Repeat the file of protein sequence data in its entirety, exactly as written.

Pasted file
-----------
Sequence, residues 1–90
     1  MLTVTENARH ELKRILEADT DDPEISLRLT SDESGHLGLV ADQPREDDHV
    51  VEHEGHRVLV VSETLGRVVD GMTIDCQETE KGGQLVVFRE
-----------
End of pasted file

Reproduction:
Sequence, residues 1–90
     1  MLTVTENARH ELKRILEADT DDPEISLRLT SDESGHLGLV ADQPREDDHV
    51  VEHEGHRVLV VSETLGRVVD GMTIDCQETE KGGQLVVFRE